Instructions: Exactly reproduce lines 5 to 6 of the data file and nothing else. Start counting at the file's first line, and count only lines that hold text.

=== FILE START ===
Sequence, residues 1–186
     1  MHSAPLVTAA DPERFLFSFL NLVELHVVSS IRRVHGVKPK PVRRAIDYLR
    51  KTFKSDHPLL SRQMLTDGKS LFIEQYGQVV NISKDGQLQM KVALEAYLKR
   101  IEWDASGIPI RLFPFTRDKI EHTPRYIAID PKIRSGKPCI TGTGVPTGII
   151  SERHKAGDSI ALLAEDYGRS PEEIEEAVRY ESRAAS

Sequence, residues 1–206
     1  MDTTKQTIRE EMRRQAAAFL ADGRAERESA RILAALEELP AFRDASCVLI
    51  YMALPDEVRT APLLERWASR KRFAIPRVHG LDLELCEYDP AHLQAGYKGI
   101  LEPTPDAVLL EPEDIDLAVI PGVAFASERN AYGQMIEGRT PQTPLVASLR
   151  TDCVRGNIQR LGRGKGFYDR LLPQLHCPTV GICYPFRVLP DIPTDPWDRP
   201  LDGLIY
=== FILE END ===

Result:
   151  SERHKAGDSI ALLAEDYGRS PEEIEEAVRY ESRAAS

Sequence, residues 1–206